November 2013

How To Land Your Dream Job

I recently started working as a Senior interaction Designer at Mozilla. Here's how that came about.

When we first decided to shut down envis precisely, I didn't intend to look for a job right away. I wanted to take some time off and work on business ideas that have been bouncing around my head for a while.

But all that changed when I stumbled upon a job posting from Mozilla. It was instantly clear to me that this was the job I wanted to do next in my life.

I only intended to send out this one application. So I had every reason to make it count.

I decided to act on that opportunity. And since I had a solid backup plan in place, I could go about it without much pressure. I only intended to send out this one application. So I had every reason to make it count. This is how Ready for Mozilla has been born.

TL;DR: Making the case for yourself as a job applicant is a design problem. Applying techniques from user centered design helps. Always be relevant. Quality trumps quantity.

Screen shot of

After making the decision to apply, it quickly dawned on me that this was nothing more or less than a design problem. I wanted to communicate something to a busy yet potentially interested audience. This means I had to get their attention, communicate efficiently, and then make them act on the opportunity.

The good thing about being a user experience designer is that I have been doing this kind of stuff for quite some time now.

When you are a designer, there is no excuse not to treat a job application as a design problem.

So who was my audience? First it was the recruiter scanning the applications. Then it would likely go through the hands of a hiring manager before being shown to more members of the team.

This has a couple of implications:

  • The first impression has to be incredible and stand out of the crowd
  • Information most important for a recruiter has to be instantly visible
  • Information for the manager and the team can be slightly more hidden, but there has to be more of it
  • The more relevant the content of the application is to those stakeholders, the better

Knowing Who You Are Talking To

So my foremost target group was the recruiter. She would be the first person to lay eyes on my application. My objective here was to make sure that:

  • she has a great first impression that persuades her to stay and read
  • she immediately finds information showing that I am a relevant candidate

Opting for creating an application website instead of a PDF was logical. It set me apart from some other applicants, it was a relevant choice and it was easy for me to do (I have come to the point where I find designing for print just really, really annoying). It also has been done before by people like Florian who was a major inspiration for me.

Clearly state why you want this job, not any job.

The first couple of text lines pitch both my dedication and my experience, but perhaps the most important section is »Why Mozilla«. Something like this should be part of every job application. It clearly states why I want this job, not any job.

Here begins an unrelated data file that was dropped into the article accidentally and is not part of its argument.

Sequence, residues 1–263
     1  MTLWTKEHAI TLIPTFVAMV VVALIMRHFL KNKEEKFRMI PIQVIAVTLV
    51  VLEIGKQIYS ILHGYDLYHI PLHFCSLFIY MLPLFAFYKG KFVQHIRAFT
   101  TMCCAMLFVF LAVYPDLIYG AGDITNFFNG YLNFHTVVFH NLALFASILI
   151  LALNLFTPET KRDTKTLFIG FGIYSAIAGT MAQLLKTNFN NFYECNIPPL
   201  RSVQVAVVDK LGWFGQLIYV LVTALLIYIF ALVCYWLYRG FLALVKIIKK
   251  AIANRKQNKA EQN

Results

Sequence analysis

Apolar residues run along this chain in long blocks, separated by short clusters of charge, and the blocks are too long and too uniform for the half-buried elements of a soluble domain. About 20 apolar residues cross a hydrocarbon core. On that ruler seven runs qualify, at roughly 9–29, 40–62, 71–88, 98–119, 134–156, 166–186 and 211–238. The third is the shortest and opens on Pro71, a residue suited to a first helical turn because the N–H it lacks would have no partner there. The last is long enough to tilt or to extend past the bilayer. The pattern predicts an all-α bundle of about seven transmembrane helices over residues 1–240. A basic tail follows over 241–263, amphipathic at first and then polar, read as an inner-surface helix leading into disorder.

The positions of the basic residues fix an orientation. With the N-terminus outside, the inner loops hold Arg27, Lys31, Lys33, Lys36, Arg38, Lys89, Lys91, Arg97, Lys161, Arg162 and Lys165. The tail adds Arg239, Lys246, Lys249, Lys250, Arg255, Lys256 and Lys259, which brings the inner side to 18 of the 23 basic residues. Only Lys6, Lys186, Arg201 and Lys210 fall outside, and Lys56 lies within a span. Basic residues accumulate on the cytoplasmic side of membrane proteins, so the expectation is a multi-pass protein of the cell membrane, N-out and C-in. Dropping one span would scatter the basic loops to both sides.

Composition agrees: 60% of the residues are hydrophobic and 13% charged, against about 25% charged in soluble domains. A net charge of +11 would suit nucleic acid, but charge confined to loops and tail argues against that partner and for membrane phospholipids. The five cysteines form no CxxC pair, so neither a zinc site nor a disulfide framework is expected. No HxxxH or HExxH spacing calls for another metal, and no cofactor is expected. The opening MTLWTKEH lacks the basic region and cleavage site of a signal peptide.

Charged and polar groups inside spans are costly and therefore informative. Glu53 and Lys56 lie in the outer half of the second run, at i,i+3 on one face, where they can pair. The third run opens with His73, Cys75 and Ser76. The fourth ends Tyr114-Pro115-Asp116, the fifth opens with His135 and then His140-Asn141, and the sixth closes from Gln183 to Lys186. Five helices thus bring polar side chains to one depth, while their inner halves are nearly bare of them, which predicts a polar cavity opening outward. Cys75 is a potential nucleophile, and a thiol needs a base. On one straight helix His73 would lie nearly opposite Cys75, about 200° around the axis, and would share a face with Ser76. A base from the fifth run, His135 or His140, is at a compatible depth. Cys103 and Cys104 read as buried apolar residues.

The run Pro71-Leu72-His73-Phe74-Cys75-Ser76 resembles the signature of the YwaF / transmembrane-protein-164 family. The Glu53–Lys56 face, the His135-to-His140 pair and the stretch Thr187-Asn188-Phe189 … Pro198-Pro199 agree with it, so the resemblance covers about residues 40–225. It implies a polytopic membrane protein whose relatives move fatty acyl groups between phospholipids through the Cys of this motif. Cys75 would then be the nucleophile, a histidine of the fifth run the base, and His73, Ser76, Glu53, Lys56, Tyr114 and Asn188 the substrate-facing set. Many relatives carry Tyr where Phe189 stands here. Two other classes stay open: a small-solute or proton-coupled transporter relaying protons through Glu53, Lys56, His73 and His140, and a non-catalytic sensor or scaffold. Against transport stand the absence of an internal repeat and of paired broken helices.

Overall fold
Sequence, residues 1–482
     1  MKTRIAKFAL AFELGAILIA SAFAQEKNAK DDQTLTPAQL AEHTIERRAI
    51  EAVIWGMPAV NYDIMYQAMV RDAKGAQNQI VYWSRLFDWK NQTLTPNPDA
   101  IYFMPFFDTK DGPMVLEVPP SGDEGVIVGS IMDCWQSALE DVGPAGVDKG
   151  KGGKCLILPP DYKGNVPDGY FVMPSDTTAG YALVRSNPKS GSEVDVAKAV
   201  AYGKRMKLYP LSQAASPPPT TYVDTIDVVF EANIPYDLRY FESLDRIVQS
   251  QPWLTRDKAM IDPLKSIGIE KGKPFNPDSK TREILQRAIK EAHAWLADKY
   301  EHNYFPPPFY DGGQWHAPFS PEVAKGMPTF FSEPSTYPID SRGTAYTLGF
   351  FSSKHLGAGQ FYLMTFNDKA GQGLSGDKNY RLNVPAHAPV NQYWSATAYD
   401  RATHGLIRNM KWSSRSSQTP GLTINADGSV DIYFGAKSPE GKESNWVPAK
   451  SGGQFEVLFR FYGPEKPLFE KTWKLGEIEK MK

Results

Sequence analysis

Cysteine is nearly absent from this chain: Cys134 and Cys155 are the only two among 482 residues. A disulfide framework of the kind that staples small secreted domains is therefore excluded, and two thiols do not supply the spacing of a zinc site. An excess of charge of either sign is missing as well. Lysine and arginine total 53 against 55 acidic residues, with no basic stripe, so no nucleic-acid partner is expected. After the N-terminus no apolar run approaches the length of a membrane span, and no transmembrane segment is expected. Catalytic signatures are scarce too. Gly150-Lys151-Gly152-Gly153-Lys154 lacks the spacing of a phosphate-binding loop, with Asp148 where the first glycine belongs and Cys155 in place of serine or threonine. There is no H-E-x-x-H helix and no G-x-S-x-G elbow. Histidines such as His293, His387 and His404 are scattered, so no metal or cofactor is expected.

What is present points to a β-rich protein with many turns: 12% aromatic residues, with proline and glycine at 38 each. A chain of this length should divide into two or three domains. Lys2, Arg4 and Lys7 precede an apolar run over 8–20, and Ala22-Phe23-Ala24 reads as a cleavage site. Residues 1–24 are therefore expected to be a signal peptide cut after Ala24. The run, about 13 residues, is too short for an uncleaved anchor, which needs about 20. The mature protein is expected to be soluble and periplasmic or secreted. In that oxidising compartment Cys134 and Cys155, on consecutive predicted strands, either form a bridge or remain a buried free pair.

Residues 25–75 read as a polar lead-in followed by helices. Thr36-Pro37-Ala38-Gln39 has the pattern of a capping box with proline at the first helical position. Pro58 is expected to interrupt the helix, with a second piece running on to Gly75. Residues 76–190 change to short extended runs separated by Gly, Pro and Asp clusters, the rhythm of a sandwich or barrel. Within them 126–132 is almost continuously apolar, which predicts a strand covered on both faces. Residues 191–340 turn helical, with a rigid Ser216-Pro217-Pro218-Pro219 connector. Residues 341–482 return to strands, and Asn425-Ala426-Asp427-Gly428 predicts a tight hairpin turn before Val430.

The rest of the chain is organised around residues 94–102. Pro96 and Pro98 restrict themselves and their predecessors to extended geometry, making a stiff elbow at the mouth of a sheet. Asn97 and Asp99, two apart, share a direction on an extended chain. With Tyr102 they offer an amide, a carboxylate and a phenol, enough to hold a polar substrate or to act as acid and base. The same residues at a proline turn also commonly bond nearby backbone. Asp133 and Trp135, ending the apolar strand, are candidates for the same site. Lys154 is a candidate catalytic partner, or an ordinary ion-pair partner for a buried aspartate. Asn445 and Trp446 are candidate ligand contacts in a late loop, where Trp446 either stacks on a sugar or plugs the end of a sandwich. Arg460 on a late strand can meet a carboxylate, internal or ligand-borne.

The rest of the page is pretty straightforward. Some musings about why I am a good choice for them, a resumé and links to some relevant projects. Which brings us straight to the next part.

Relevant Projects

I had one inherent disadvantage for this position: The only work I did on desktop UI projects is strictly confidential. Having nothing to show in the most relevant field of my portfolio was of course unacceptable.

The fact that I had to do something in this area anyway made it easier to commit to going all in and creating a micro project just for this application. What was there to lose? Even if it didn't work, I'd just have spent a weekend on a portfolio project for a company I really like!

Out of this idea came Tab Spaces, a redesign of a current Firefox feature called »Panorama«. The concept consisted of a prototype, a video explaining the concept and a description of the process.

What I presented there was by no means complete, but it did the job. It was good in the areas that were relevant for the position. Perfectionism can create inertia, so make sure to find a good balance there.

The Interview Process

Mozilla responded to me within just five hours. What followed was the usual process of phone interviews, personal meetings and – finally – an offer.

What I didn't anticipate: During the entire interview process, the website was a constant topic. We mostly talked about things I wrote there or about the Tab Spaces concept. So by creating a decent initial application, I unwittingly also set the stage for everything that followed. Even now that I started, people are still approaching me with »Aren't you the guy with the website?«. So I can safely say that the time I spent on was a great investment.


Sending out a hundred job applications is like making a hundred marriage proposals. If the job you are looking at has any intellectual component whatsoever, then being relevant and unique is more important than risk diversification. (spoiler alert: if you are reading this, your job most likely does have an intellectual component).

So take your time. Find one or two jobs that you can be excited about. Then blow their minds.

By the way: Mozilla is still looking for people!